- NoScript – anti-XSS protection and Application Boundaries Enforcer (ABE), extension for Firefox
- HTTP Switchboard – user defined CSP rules, extension for Google Chrome and Opera
- HTTP Strict Transport Security
- HTTP Public Key Pinning
- Sid Stamm (2009-03-11). "Security/CSP/Spec - MozillaWiki". wiki.mozilla.org. Retrieved 2011-06-29.
Content Security Policy is intended to help web designers or server administrators specify how content interacts on their web sites. It helps mitigate and detect types of attacks such as XSS and data injection.
- "State of the draft". 2011-11-30. Retrieved 2011-12-30.
- "Can I use Content Security Policy?". Fyrd. Retrieved February 22, 2013.
- Robert Hansen (2009-06-01). "Mozilla's Content Security Policy". Archived from the original on March 18, 2015. Retrieved 2011-06-29.
Content Restrictions - a way for websites to tell the browser to raise their security on pages where the site knows the content is user submitted and therefore potentially dangerous.
- "Content Security Policy 1.0". W3C. Retrieved 2015-11-13.
- "Content Security Policy Level 3". W3C. Retrieved 2015-11-13.
- "Chrome 25 Beta: Content Security Policy and Shadow DOM". Google. January 14, 2013. Retrieved February 22, 2013.
- "Content Security Policy 1.0 lands in Firefox Aurora". Mozilla Foundation. May 29, 2013. Retrieved June 16, 2013.
- "RapidRelease/Calendar". Mozilla Foundation. May 29, 2013. Retrieved June 16, 2013.
- "Bug 96765 - Implement the "Content-Security-Policy" header". WebKit. October 31, 2012. Retrieved August 7, 2015.
- "New Chromium security features, June 2011". Google. June 14, 2011. Retrieved February 22, 2013.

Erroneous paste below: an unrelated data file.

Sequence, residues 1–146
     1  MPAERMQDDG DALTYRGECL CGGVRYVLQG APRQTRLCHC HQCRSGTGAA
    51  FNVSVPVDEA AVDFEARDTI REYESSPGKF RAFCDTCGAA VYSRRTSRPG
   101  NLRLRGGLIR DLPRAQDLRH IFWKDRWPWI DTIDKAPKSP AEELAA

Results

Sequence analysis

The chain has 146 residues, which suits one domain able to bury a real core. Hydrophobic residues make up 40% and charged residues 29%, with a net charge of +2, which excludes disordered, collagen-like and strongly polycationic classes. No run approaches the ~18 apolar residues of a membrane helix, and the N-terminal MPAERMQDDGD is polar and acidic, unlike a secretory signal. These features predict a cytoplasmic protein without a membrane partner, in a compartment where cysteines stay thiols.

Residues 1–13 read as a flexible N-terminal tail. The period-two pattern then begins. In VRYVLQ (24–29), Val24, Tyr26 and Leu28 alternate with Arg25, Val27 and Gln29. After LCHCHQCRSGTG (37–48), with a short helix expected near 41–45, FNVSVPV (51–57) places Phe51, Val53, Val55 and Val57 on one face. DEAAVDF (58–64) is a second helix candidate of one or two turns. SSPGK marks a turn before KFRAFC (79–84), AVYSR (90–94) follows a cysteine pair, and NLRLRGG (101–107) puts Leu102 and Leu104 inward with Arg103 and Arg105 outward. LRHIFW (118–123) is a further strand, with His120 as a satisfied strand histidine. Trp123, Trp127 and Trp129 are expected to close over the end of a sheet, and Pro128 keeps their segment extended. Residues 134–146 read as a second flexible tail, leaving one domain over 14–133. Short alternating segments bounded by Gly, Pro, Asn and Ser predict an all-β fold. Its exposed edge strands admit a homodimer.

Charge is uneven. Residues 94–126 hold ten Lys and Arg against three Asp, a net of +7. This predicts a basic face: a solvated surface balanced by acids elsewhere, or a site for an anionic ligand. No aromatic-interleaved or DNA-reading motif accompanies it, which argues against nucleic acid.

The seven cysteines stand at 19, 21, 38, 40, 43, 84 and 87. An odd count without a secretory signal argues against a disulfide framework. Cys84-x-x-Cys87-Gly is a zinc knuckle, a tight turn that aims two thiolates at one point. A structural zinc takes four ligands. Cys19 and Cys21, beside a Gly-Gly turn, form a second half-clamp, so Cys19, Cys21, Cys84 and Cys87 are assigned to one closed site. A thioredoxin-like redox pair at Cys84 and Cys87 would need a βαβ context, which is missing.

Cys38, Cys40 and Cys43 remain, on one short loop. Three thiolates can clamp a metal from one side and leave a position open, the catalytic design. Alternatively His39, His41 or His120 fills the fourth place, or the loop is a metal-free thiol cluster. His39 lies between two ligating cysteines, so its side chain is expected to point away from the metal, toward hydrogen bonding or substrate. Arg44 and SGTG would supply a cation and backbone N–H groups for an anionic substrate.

- "Introducing Content Security Policy". Mozilla Foundation. Retrieved February 22, 2013.
- "HTML META element". Content Security Policy Level 2. W3C. Retrieved 2015-11-14.
- "Defense in Depth: Locking Down Mash-Ups with HTML5 Sandbox". Windows Internet Explorer Engineering Team. Retrieved April 13, 2014.
- "ngCsp directive". AngularJS.
- "Content security policy". GitHub.
- "Web Application Security Working Group". Retrieved 2015-11-13.
- "CSP 2015". XSS Jigsaw. Retrieved December 12, 2015.
- "An Abusive Relationship with AngularJS". Retrieved January 5, 2016.
- West, Mike (June 15, 2012). "An Introduction to Content Security Policy". HTML5 Rocks. Retrieved February 22, 2013.
- For example in Django a CSP receiver is available in django-security module.
- "Content Security Policy Builder".
- "Content Security Policy Reporting". report-uri.io. Scott Helme.
- "CSP Processing Model". 2012-11-15. Retrieved 2013-10-06.
- "Subverting CSP policies for browser add-ons (extensions).". 2013-09-25. Retrieved 2013-10-06.
- "Re: [CSP] Request to amend bookmarklet/extensions sentence in CSP1.1". 2014-08-03. Retrieved 2015-10-08.